I awoke this morning still beating myself up a bit and doing my best to return to my new calm, deliberate self. Until I came down from my shower and found on my couch the 4 baskets of laundry that I had folded late last night. My calm, deliberate self ran for cover. #3's comment to my reaction was "mommy, you're not happy?" My insides ready to erupt, I carried the laundry up to my bedroom and turned on the radio. "Ironically" Focus on the Family was just beginning their broadcast, today's featured guest - Josh McDowell, talking all about parenting. As much as I wanted to stew, his message was good. I was still folding when Bill Richie from Crossroads Community Church (Vancouver, WA) came on. His message today was on troubles. Honestly, I didn't hear the whole thing as I was in and out of the room putting away clothes. But one part he said resonated. He was talking about casting your cares on the Lord. He broke down 1 Peter 5:7. Cast - to throw onto. He referenced the people "casting" their cloaks for Jesus to ride over on the donkey ... and they didn't have their coats anymore!!!!! Cares - your stresses, anxieties, struggles. The word "cares" comes from a word meaning "to distract, to divide, separate." So God invites, no commands, us to throw our stress, anxiety, and struggles on Him. And this is the kicker ... then we won't have them anymore. If they try to boomerang back, I think we need to cast them again. My problem yesterday was that I took that stress, planted it, watered it, fertilized it, and nurtured it to the best of my abilities! The results were a stressed-out mommy, a child's bedtime prayer, "please don't let mommy get upset like that very often," and a husband who came home to a not-so-peaceful home. Not how I want my kids to look back and remember their growing up years.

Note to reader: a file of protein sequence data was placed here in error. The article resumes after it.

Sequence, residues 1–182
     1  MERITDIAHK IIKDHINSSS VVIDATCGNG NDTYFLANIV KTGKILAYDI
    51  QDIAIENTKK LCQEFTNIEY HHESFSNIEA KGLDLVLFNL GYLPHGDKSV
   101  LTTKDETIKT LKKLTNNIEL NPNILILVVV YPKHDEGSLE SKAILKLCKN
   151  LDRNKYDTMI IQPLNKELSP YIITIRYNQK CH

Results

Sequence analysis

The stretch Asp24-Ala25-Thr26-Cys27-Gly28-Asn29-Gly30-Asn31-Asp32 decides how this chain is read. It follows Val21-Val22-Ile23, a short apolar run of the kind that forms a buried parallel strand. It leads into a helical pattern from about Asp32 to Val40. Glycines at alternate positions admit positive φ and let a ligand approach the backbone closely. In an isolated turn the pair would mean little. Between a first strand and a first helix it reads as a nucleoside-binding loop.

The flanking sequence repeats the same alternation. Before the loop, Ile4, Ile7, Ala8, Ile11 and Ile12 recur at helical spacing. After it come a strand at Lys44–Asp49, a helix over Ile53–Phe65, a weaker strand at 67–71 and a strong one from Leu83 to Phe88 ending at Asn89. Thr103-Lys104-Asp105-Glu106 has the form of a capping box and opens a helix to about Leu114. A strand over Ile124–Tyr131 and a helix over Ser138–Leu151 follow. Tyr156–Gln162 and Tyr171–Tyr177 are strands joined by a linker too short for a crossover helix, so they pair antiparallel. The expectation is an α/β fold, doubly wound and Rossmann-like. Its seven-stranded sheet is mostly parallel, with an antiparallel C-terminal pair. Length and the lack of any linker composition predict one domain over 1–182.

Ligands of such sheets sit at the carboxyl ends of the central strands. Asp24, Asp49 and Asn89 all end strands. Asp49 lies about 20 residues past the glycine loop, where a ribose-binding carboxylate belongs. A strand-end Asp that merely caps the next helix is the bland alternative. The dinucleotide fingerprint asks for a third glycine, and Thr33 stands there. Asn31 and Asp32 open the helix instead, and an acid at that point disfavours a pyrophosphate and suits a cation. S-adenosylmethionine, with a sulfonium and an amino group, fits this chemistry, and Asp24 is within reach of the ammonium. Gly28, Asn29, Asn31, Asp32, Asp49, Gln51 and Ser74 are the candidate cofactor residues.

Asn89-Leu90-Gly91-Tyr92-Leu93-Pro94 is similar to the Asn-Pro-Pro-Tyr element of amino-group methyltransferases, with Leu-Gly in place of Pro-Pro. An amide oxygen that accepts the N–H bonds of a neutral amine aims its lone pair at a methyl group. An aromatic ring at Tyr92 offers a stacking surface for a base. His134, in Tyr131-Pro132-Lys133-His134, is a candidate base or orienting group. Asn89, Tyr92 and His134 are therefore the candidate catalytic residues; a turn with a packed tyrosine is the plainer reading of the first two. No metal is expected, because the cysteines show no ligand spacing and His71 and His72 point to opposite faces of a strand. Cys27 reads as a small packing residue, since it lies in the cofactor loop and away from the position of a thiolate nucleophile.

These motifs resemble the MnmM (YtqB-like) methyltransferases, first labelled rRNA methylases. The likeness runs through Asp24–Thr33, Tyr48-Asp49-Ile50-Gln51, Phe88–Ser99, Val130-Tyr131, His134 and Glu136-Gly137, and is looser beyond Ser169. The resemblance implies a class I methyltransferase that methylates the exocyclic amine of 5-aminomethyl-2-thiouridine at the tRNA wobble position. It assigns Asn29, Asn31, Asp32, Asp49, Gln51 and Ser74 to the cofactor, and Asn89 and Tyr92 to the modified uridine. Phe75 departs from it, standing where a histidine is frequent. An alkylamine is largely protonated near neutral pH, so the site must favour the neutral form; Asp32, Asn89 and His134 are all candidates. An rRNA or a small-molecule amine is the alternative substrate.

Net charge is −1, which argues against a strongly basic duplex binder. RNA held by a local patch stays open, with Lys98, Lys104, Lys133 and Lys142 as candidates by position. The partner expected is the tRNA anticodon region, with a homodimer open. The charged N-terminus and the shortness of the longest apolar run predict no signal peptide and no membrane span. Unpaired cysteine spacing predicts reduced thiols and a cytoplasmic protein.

Much to my relief (and I'm sure that of my kids and husband!), calm, deliberate me has returned and hopefully will remain forever! I will continue to dwell on the lesson of casting my cares (even spilled laundry baskets!) on the One who wants to carry them. As I close, it occurs to me that allowing God to carry our burdens is another aspect of our spiritual life that requires a close walk with God. Just as we don't tell our struggles and secrets to a stranger at the grocery, how likely are we to surrender that which is closest to our hearts to a God we don't know intimately? This Christian life seems to boil to that one point, doesn't it? Just a closer walk with thee . . . Something to ponder.